February 28, 2018 / 7:15 PM / 19 days ago

White House expects 'frank exchange' on trade with Chinese official - source

WASHINGTON (Reuters) - Top aides to President Donald Trump look to push a tough line on trade in talks on Thursday with an envoy of Chinese President Xi Jinping, with a White House official saying a frank exchange of views was expected.

FILE PHOTO - U.S. Treasury Secretary Steven Mnuchin announces on Friday what he said was the largest North Korea-related sanctions in a bid to disrupt North Korean shipping and trading companies and vessels and to further isolate Pyongyang, in the press room at the White House in Washington, U.S. February 23, 2018. REUTERS/Jonathan Ernst

Aides say Trump has been increasingly frustrated by the soaring U.S. trade deficit with China, which was $375 billion in 2017, and is considering slapping tariffs on imported steel and aluminium.

That would raise the prospect of retaliation from Beijing and what some analysts see as a possible trade war.

U.S. Treasury Secretary Steven Mnuchin, U.S. Trade Representative Robert Lighthizer and White House economic adviser Gary Cohn will meet jointly with Chinese economic adviser Liu He and his delegation at the White House, the official said on Wednesday, requesting anonymity to discuss the meeting.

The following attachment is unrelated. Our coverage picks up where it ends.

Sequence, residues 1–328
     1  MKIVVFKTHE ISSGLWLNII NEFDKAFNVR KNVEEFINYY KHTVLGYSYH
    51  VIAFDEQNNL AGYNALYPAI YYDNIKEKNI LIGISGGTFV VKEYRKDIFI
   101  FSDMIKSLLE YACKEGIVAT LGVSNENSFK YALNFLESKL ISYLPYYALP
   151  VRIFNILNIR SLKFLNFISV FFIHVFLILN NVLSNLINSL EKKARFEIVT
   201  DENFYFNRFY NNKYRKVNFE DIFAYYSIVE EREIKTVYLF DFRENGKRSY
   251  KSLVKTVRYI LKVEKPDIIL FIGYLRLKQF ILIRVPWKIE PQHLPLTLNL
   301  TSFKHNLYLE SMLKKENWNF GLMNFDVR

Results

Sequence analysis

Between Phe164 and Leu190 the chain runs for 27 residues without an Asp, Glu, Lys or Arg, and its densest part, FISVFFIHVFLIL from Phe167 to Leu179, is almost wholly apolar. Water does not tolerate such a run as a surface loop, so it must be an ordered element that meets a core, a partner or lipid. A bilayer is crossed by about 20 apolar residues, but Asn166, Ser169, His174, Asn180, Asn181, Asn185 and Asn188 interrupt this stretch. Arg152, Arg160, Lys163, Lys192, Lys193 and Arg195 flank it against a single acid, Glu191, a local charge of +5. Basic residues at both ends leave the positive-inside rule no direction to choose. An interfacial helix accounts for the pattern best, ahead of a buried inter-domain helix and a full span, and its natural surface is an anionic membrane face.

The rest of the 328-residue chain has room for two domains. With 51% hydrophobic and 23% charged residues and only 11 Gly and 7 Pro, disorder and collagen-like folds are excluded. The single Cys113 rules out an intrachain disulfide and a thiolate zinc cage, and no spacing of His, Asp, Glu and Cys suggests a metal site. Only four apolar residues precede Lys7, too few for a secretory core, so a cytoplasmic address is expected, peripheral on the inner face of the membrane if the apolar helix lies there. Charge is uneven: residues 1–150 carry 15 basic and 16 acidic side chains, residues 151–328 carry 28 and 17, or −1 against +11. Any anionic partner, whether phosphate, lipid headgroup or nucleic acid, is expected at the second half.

“We expect a frank exchange of views on the trade and economic relationship, and that talks will focus on the substantive issues,” the official said.

FILE PHOTO - Robert Lighthizer, United States Trade Representative, makes statements to the media following NAFTA round six renegotiations in Montreal, Quebec, Canada January 29, 2018. REUTERS/Christinne Muschi

There was no plan for Trump himself to meet Liu but officials did not rule it out if progress was being made.

White House officials say China has shown little inclination to take steps to reduce the trade deficit in a way that would satisfy Trump and that he is now demanding action.

The U.S. Commerce Department on Feb. 16 recommended that Trump impose stiff curbs on steel imports from China and other countries and offered the president several options ranging from global and country-specific tariffs to broad import quotas.

A blanket tariff on steel would cover every steel and aluminium product entering the American market from China.

A source close to the White House said Trump had expressed interest in imposing a tariff on steel imports of at least 24 percent. The White House said no final decision had been made.

“I don’t think we’ve ever had a better relationship with China than we do right now,” Trump told reporters last Friday. “The only thing that can get in its way is trade, because it so one-sided, it’s so lopsided.”

Reporting by Steve Holland; Editing by Tom Brown

0 : 0
  • narrow-browser-and-phone
  • medium-browser-and-portrait-tablet
  • landscape-tablet
  • medium-wide-browser
  • wide-browser-and-larger
  • medium-browser-and-landscape-tablet
  • medium-wide-browser-and-larger
  • above-phone
  • portrait-tablet-and-above
  • above-portrait-tablet
  • landscape-tablet-and-above
  • landscape-tablet-and-medium-wide-browser
  • portrait-tablet-and-below
  • landscape-tablet-and-below